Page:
Scuderia Ferrari S. p. A. competing as Scuderia Ferrari is the official name of the racing division of luxury Italian auto manufacturer and competes in Formula One racing. It is the oldest surviving and most successful Formula One team, the team was founded by Enzo Ferrari, initially to race cars produced by Alfa Romeo, though by 1947 Ferrari had begun building its own cars. As a constructor, Ferrari has a record 16 Constructors Championships, Alberto Ascari, Juan Manuel Fangio, Mike Hawthorn, Phil Hill, John Surtees, Niki Lauda, Jody Scheckter, Michael Schumacher and Kimi Räikkönen have won a record 15 Drivers Championships for the team. Since Räikkönens title in 2007 the team narrowly lost out on the 2008 drivers title with Felipe Massa, Schumacher is the teams most successful driver. Joining the team in 1996 and departing in 2006 he won five titles and 72 Grands Prix for the team. His titles came consecutively between 2000 and 2004, including the constructors title of 1999 consecutively being won until the end of 2004, this was the teams most successful period.
Currently, World Champions Kimi Räikkönen and Sebastian Vettel are the two race drivers. The team is known for its passionate support base known as the tifosi. The Italian Grand Prix at Monza is regarded as the home race. The Scuderia Ferrari team was founded by Enzo Ferrari on 16 November 1929 and became the team of Alfa Romeo. In 1938, Alfa Romeo management made the decision to enter racing under its own name, establishing the Alfa Corse organisation, Enzo Ferrari disagreed with this change in policy and was finally dismissed by Alfa in 1939. The terms of his leaving forbade him from motorsport under his own name, in 1939 Ferrari started work on a racecar of his own, the Tipo 815. The 815s, designed by Alberto Massimino, were thus the first Ferrari cars, World War II put a temporary end to racing, and Ferrari concentrated on an alternative use for his factory during the war years, doing machine tool work. After the war, Ferrari recruited several of his former Alfa colleagues and established a new Scuderia Ferrari, the team owns and operates a test track on the same site, the Fiorano Circuit built in 1972, which is used for testing road and race cars.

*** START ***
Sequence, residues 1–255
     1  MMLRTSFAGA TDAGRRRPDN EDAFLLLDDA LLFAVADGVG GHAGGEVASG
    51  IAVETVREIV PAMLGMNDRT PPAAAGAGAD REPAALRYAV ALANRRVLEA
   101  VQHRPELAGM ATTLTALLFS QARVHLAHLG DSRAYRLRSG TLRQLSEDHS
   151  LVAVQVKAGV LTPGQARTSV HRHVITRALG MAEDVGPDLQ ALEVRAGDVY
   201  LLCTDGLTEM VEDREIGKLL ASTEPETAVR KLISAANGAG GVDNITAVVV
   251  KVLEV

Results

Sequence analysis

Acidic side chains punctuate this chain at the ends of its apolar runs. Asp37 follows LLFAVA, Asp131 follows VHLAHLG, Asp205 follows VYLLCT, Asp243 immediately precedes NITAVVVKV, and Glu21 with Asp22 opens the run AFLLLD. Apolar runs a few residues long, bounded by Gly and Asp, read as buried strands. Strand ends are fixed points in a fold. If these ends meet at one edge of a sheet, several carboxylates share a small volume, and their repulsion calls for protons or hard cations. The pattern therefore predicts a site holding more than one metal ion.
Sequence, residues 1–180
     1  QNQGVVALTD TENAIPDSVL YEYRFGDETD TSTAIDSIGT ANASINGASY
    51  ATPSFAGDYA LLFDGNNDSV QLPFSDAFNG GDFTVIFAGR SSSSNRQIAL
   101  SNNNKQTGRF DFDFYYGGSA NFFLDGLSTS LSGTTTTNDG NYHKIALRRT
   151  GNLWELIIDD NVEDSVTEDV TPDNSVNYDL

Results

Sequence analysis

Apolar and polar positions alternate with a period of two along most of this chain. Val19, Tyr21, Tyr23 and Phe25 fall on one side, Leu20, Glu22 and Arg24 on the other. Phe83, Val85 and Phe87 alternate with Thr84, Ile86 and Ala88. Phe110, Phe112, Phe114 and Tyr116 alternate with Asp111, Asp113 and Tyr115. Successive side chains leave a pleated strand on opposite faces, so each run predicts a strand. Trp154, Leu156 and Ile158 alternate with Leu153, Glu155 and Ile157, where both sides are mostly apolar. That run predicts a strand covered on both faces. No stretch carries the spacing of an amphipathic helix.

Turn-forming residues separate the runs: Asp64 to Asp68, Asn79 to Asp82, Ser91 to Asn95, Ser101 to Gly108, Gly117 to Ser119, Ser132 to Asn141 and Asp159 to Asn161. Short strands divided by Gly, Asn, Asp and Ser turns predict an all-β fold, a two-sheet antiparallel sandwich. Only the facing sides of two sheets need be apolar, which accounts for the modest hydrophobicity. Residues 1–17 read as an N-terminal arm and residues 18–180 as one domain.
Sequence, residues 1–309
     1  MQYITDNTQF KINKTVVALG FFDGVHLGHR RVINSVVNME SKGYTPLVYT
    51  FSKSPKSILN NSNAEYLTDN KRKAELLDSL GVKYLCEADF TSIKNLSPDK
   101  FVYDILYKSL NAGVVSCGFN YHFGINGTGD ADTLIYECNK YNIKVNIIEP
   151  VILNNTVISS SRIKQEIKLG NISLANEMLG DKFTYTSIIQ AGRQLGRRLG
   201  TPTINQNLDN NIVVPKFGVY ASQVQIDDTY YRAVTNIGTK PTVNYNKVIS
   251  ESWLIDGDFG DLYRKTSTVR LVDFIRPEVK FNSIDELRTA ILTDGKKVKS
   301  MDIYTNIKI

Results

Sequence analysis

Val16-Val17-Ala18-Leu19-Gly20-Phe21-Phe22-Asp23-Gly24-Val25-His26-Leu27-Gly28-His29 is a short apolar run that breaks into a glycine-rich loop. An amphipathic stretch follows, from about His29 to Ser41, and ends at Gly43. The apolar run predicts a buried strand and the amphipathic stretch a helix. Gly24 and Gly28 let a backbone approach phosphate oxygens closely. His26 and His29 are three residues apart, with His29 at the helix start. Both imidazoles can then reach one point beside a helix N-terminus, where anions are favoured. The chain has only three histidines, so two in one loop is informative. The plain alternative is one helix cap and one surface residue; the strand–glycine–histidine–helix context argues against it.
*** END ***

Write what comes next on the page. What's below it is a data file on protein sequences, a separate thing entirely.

The team is named after its founder, Enzo Ferrari, Scuderia is Italian for a stable reserved for racing horses and is commonly applied to Italian motor racing teams. In 1947 Ferrari constructed the 12-cylinder,1.5 L Tipo 125, a Formula One version of the Tipo 125, the Ferrari 125 F1 was developed in 1948 and entered in several Grand Prix, at the time a World Championship had not yet been established. In 1950, the Formula One World Championship was established, and it is the only team to have competed in every season of the World Championship, from its inception to the current day. The company switched to the large-displacement naturally aspirated formula for the 275,340, after the 1951 Formula One season the Alfa team withdrew from F1, causing the authorities to adopt the Formula Two regulations due to the lack of suitable F1 cars